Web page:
Rising Five by Norman Nicholson: A Commentary

Essay by ShelkHigh School, 11th gradeA, April 2009

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The poem "Rising Five" is written by Norman Nicholson. It is about the human tendency to look forward to the future, wondering what will happen, hoping for the best and anticipating anything positive (at the expense of living for the present), and how people keep wanting to rush through certain stages of life, finally rushing to death itself.

The poem begins with the description of a little boy soon turning five, and his excitement about his impending birthday. The poet, Norman Nicholson, stresses that in the beginning we all look forward to the future.

Nicholson uses the seasons and the times of the day to show different stages of life. E.g.:Stanza 2, here, spring symbolizes youth and freshness - "It was the season after blossoming, before the forming of the fruit. .. " (lines 14 and 15) Different times of the day are shown in stanza 3, lines 20 and 21 - "Not day, but rising night."

The evening symbolizes old age. Norman Nicholson also uses the metaphor of developing fruit to compare with the different stages of a developing person - lines 26-28 - "We never see the flower, but only the fruit in the flower; never the fruit, but only the rot in the fruit". The 'flower' is a young child, looking for the 'fruit', which is adulthood. When in the stage of 'fruit', we only see the 'rot', which is old age. Another metaphor is present in line 12 - "And stem shook out the creases from their frills",". This is as though nature puts on a dress for each season, and takes it off and dons another one instead for the next season.

This poem has four stanzas. The first, second and fourth stanzas follow the same patterns, and have the same number of lines, and the sizes are the same as well. But stanza 3 has only six lines, and each line has only about three or four words in it. "The dust dissected tangential light. .." - this speaks of old age, where the 'dust' is oldness, dissecting through youth which is the 'tangential light'. This stanza is probably small and has no particular pattern, because the stage that it describes (i.e.: fifties, sixties), is pretty quick and seems to whiz by. It also has an air of unpredictability and instability, as life usually is.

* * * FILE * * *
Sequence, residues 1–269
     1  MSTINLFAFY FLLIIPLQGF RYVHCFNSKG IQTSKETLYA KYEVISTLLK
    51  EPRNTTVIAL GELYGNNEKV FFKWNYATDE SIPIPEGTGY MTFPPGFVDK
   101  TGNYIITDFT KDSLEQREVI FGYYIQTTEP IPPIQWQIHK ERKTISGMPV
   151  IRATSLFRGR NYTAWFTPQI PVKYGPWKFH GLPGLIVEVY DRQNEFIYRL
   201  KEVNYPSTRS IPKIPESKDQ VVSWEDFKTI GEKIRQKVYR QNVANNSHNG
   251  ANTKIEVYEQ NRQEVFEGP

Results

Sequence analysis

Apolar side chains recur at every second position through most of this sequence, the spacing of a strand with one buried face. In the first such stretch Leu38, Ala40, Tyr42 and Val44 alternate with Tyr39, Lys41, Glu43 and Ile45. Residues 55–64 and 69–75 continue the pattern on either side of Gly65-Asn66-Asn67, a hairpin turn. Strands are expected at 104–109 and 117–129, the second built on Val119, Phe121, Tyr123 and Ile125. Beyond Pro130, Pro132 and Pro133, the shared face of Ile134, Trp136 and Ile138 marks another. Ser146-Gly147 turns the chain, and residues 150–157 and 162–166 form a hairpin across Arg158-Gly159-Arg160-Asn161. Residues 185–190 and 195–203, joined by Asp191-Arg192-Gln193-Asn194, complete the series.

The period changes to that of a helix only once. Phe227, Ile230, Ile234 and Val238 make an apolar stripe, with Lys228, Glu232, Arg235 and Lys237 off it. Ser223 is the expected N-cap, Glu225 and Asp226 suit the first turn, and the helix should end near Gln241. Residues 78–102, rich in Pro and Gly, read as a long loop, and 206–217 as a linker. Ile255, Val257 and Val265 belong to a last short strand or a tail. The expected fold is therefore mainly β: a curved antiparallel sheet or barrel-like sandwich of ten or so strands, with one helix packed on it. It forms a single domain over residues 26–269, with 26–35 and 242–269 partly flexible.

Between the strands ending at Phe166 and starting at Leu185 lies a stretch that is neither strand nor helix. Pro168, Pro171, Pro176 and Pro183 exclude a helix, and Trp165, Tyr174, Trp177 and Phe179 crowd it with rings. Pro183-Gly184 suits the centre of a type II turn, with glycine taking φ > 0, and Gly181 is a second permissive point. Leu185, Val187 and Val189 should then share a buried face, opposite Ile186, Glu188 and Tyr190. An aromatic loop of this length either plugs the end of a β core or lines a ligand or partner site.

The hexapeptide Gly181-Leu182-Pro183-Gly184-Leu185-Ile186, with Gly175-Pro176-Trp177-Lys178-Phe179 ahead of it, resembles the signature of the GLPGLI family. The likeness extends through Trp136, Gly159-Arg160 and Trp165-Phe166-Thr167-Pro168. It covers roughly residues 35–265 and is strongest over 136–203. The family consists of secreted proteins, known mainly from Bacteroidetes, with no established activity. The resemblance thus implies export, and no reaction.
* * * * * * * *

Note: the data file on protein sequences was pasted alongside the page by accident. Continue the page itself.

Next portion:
The poem has no fixed rhyming patterns which mirrors the unpredictability of life itself. Some parts of the poem have a stronger rhythm than others. For example, stanza 2 is vigorous and jumpy. It describes youth in the form of spring. Youth is playful and quickly paced. Words like 'bubbled' and 'doubled' (line 11) give the impression of a boiling potion in a cauldron, ready to jump out and gives the feeling of expecting something. Stanza 3 is a bit slow compared to the rest of the poem, because it describes ageing - "Not day, but rising night" - evening depicts old age. Certain words used in the poem give different messages. Line 7: "Fifty six months or perhaps a week more ...". Nicholson probably chose to use "fifty six weeks" rather than "four years" to emphasize how much the boy wanted to be older, and how precise he wanted to be about that. Using a bigger number (i.e. 56 instead of 4) is in keeping with the proud tone of the stanza.

Alliteration occurs twice in line 11 - "bubbled and doubled" / "buds unbuttoned" adding to the jumpy nature of youth which this stanza (Le. Stanza 2 ) describes. The word "dissect" in line 19 gives an air of an almost evil nature. We use the word dissect when cutting up something, especially something that had life, like an animal. Nicholson probably used this word to show 'death' dissecting 'life and youth'.

I think the poem deals with the theme of forgetting to 'live', and not appreciating life, and how humans never are happy with what they have, and only want more. The poem is a gentle criticism of humanity and its faults. The poem is very moving and causes one to reflect on the passing of time, calling to mind John Lennon's famous quote, "Life is what happens to you while you're busy making other plans."BibliographyIGCSE English Literature teaching notes from Cambridge International Examinations'Reading Poetry' - Myszor, F. Hodder and Stoughton: 2001'Beautiful Boy (Darling Boy)' by John Lennon Released 1982